confidante because he's married to miss trump and he's a close adviser to the president but his security clearance do alarm many republicans. his financial disclosure reports alarmed many republicans but he's been able to survive. he's worked on criminal justice reform and other issues and plows forward nonetheless. >> julie, do we know anything about his trip to capitol hill to meet with senators on the intel committee about their russian investigations? >> we know it was closed door, nicolle. and they don't call people in often on that committee. so it could be more significant than we know. but so far we're only able -- our colleagues on capitol hill were only able to get a peek at him but it certainly raised a lot of questions, especially the recent news about the security clearances. is there something more here. but i think the white house is more confident as they deal with congress and inquiries after the post-mueller report world and what they're considering a post-mueller report world. the rest of us still have
questions about it. >> to be technically accurate, it is still a pre-mueller report world for them too. they haven't seen it as far as we know. thank you all so much for starting us off and spending time with us. when we come back, breaking news today in "the washington post" about the size and scope of donald trump's lies, about his net worth. the reporter who broke that story joins us. also ahead, protecting the president's daughter ivanka at all costs. new reporting on the role played by ivanka trump's lawyer in michael cohen's original false testimony. and donald trump seeks to command the fbi as his own personal police force, injecting the politics of trumpism into an already-fraught legal case out of chicago. all of those stories coming up. p - [woman] with shark's duo clean, i don't just clean, i deep clean carpets and floors, so i got this. yep, this too, and this, please. even long hair and pet hair are no problem,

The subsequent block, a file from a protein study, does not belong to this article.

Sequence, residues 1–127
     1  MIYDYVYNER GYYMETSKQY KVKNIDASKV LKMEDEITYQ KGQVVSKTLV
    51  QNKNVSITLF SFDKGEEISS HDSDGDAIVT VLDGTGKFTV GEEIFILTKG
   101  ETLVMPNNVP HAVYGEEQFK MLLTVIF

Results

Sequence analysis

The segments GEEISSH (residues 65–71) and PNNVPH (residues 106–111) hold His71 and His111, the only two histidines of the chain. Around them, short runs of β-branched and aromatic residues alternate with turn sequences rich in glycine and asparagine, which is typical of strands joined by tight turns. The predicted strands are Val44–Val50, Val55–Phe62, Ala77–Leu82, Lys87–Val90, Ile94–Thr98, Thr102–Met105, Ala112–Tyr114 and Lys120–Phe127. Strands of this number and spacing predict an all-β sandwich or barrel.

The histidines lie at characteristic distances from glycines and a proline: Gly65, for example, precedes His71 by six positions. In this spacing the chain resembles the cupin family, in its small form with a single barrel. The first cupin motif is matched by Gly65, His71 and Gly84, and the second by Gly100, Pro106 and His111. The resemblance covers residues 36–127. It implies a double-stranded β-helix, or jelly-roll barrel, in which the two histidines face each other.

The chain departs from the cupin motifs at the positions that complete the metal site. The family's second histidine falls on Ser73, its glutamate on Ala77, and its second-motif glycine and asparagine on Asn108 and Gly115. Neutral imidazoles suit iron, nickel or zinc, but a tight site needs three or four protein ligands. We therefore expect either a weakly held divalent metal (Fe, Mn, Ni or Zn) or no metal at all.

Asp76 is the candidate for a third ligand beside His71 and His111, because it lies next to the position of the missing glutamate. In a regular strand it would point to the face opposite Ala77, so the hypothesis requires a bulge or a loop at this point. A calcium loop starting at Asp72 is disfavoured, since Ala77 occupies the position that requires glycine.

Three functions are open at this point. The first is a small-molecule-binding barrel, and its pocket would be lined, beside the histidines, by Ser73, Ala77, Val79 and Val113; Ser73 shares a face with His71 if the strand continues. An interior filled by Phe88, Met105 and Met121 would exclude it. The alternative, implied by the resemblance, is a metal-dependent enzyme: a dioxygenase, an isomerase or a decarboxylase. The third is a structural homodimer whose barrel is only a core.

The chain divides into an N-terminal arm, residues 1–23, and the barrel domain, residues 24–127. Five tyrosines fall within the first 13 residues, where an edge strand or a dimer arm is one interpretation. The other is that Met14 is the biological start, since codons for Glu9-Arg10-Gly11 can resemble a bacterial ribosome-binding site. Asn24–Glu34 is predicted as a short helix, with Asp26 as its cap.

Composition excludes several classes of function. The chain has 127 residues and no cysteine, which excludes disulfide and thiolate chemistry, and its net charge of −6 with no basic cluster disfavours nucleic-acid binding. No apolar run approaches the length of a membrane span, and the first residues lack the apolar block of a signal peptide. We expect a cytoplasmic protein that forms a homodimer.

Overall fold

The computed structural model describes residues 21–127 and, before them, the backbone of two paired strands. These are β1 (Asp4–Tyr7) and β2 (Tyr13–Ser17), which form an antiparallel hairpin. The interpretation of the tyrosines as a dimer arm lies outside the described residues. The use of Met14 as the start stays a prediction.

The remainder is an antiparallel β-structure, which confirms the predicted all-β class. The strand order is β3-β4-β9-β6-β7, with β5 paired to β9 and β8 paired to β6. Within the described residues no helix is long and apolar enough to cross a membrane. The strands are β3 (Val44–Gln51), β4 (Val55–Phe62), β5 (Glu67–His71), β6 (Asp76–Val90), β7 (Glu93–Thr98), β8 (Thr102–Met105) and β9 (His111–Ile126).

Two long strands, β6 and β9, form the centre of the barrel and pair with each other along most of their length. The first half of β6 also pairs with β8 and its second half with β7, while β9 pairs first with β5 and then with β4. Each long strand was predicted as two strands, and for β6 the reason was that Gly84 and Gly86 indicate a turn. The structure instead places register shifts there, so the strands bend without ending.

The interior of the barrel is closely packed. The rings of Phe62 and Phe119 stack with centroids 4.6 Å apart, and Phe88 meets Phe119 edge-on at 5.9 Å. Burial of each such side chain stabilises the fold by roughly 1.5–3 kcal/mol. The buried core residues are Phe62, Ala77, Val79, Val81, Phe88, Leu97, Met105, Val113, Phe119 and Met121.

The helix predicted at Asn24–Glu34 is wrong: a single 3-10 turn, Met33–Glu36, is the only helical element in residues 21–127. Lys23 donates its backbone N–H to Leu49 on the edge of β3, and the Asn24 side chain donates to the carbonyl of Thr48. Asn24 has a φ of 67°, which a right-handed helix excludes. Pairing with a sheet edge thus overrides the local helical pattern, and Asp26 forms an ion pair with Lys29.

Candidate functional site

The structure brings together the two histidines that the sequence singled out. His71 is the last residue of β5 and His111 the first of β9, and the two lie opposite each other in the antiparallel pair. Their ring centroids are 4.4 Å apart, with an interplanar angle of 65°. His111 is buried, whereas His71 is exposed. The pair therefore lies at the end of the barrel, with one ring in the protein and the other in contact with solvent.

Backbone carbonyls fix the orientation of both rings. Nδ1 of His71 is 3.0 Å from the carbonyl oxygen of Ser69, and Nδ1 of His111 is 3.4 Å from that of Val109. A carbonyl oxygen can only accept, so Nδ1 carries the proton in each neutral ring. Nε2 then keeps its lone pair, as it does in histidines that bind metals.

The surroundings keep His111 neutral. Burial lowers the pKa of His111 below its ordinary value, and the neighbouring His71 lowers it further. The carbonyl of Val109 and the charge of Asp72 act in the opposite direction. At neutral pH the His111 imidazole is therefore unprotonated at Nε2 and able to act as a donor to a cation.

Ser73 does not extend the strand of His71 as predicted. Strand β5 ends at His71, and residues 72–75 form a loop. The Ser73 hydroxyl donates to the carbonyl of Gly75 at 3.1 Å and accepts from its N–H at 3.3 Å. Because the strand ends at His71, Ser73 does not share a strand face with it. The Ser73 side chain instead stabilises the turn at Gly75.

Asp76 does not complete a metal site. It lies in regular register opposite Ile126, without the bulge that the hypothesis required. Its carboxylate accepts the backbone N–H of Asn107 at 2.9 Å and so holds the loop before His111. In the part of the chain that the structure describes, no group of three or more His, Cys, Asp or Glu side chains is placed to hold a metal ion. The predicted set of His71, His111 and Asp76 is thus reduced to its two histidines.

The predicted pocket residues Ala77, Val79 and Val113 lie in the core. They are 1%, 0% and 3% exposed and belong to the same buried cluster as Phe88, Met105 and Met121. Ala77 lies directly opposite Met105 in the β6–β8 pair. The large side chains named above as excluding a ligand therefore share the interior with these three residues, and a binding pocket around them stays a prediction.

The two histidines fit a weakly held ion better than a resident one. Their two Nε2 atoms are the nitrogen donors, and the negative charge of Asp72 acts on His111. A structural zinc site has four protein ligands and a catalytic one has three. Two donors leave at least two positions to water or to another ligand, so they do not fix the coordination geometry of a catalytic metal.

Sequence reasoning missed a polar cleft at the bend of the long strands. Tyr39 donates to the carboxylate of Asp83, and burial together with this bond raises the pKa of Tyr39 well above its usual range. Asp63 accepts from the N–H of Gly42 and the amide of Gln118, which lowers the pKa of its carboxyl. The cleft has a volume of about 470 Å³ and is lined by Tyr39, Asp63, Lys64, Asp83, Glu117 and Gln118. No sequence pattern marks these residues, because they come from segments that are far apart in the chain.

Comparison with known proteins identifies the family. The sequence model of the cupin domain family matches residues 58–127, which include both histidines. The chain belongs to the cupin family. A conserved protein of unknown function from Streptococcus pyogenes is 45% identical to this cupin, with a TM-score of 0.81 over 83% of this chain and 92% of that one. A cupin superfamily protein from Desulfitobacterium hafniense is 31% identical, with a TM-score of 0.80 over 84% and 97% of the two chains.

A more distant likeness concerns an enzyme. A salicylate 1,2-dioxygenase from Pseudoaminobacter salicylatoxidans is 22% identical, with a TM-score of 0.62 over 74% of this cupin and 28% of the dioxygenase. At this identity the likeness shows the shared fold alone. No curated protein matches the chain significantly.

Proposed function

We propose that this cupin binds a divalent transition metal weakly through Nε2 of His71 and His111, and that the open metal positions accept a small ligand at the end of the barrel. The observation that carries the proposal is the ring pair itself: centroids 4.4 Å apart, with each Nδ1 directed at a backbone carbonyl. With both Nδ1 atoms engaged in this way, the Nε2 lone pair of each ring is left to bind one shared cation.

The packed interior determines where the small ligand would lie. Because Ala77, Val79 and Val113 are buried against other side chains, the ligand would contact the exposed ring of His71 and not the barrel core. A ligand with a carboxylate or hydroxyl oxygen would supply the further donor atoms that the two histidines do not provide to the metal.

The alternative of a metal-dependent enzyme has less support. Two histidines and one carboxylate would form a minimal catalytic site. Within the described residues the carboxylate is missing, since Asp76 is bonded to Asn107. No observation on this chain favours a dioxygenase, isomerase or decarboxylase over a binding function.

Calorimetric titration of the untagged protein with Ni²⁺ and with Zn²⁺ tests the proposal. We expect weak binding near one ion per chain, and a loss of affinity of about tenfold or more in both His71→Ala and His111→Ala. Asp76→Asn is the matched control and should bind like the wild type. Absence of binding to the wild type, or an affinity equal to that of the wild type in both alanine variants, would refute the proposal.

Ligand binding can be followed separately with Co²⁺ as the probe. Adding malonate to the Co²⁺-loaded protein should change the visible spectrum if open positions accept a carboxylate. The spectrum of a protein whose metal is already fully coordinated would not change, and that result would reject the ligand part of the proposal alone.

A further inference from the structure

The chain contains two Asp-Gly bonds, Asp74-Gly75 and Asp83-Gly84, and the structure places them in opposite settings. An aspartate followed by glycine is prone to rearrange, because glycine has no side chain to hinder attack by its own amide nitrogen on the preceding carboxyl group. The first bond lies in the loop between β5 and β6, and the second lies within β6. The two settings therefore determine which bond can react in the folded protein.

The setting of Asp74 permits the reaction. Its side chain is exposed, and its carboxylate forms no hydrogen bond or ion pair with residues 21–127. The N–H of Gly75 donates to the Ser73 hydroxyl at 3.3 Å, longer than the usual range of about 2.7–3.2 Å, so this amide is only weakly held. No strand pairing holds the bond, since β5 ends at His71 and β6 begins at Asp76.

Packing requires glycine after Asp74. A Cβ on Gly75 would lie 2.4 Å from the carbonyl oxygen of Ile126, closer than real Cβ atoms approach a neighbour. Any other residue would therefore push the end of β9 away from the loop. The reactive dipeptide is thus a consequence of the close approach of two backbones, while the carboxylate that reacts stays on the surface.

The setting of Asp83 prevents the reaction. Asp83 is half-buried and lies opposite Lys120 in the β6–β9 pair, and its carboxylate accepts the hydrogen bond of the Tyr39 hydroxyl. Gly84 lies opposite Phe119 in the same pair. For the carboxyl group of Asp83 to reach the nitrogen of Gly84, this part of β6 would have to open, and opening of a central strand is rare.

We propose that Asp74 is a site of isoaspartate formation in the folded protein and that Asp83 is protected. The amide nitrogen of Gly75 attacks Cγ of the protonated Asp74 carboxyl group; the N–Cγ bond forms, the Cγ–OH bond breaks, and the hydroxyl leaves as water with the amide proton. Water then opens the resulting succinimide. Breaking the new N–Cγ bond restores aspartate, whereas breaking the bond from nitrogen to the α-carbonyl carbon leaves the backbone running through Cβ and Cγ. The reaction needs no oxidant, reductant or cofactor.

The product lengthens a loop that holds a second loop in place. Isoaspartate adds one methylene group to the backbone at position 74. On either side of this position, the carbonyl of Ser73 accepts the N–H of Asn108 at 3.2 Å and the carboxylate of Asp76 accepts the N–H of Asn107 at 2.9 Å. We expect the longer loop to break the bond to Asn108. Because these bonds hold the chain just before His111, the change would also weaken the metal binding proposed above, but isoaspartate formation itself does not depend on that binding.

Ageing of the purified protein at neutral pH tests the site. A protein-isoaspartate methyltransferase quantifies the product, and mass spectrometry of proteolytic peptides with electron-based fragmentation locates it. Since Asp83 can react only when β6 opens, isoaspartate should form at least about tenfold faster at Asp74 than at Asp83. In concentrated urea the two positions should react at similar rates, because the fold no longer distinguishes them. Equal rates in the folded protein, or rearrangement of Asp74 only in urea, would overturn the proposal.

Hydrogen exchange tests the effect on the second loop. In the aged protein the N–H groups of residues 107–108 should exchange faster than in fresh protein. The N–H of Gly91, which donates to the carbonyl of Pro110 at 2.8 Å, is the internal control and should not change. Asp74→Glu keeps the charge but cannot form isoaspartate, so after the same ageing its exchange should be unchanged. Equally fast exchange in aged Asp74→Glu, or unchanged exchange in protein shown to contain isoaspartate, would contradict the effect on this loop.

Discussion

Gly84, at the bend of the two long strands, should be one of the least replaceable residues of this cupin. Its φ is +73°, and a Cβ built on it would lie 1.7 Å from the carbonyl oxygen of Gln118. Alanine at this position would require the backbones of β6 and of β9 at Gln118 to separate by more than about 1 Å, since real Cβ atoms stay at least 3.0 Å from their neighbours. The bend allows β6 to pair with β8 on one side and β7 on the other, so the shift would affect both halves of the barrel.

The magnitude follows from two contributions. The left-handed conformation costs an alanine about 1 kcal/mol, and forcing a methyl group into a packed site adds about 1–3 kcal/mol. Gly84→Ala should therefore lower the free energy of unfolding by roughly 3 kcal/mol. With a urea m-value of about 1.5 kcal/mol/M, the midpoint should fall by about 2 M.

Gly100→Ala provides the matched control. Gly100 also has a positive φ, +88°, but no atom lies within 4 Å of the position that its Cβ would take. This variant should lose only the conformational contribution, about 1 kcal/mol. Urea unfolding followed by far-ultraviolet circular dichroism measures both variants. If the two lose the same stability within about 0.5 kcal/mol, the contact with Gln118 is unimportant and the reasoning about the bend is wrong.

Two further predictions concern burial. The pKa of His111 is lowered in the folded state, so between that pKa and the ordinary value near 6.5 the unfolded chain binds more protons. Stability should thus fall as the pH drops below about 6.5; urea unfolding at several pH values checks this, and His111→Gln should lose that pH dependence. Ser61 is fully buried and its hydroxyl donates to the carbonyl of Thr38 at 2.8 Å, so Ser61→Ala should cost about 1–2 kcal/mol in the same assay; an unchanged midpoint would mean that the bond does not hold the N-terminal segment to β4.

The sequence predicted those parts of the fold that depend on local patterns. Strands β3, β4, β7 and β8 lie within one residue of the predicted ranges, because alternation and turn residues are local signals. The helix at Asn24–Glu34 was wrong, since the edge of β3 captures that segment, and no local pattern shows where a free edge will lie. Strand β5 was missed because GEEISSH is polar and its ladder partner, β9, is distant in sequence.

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it was my experience that mr. trump inflated his total assets when it served his purposes, such as trying to be listed amongst the wealthiest people in "forbes" and deflated his assets to reduce his real estate taxes. >> follow the money. it's one of the oldest rules of the road for understanding any investigation into fraud or corruption. when it comes to donald trump, it's proving fertile ground. "the washington post" out with a report today of exaggerating his possible wealth. when donald trump wanted make an impression on a lender, business partner or journalist, he sometimes sent them official looking documents called statement of financial condition. these documents sometimes ran up to 20 pages.
they were full of numbers laying out trump's properties, debts and multi billion net worth. but for someone trying to get a true picture of trump's net worth, the documents were deeply flawed, some simply omitted properties that carried big debts. some assets were overvalued and some key numbers were wrong. here's the kind of key numbers we're talking about. trump at one point added ten stories on top of trump story. he said there were 68 floors when there are in fact 58. he slapped an extra 800 acres on his winery in virginia and his financial statements in 2011 exaggerated the number of home lots ready to sell at his golf course in southern california by '24. joining our conversations, the sirius xm director of progressive programming and rick stengel, former under secretary of state and we will admit coreporter with this blockbuster report we've been telling you about. david, it seems that -- and this
is just a political note. if you have any thoughts, i'm eager to hear them. whenever the president seems to get himself into the clear with the pivot or stroke of fate in one investigative front, a bombshell comes clapping back down on him and your story is a perfect example of that. >> it's kind of the fact that so many of the areas of the president's life is under investigation. the mueller investigation got a lot of ink and press but it was only one of many. his business, charity, inaugural committee, his transition, basically every organization he's led through his adult life is now under investigation all at the same time. so the end of the mueller investigation takes away one little piece of that but a lot more is going on. >> it's such a good reminder but i wonder if you can take us through what you're reporting today. >> we focus on documents called state of financial condition. the reason we care about them is they seem to be in the middle of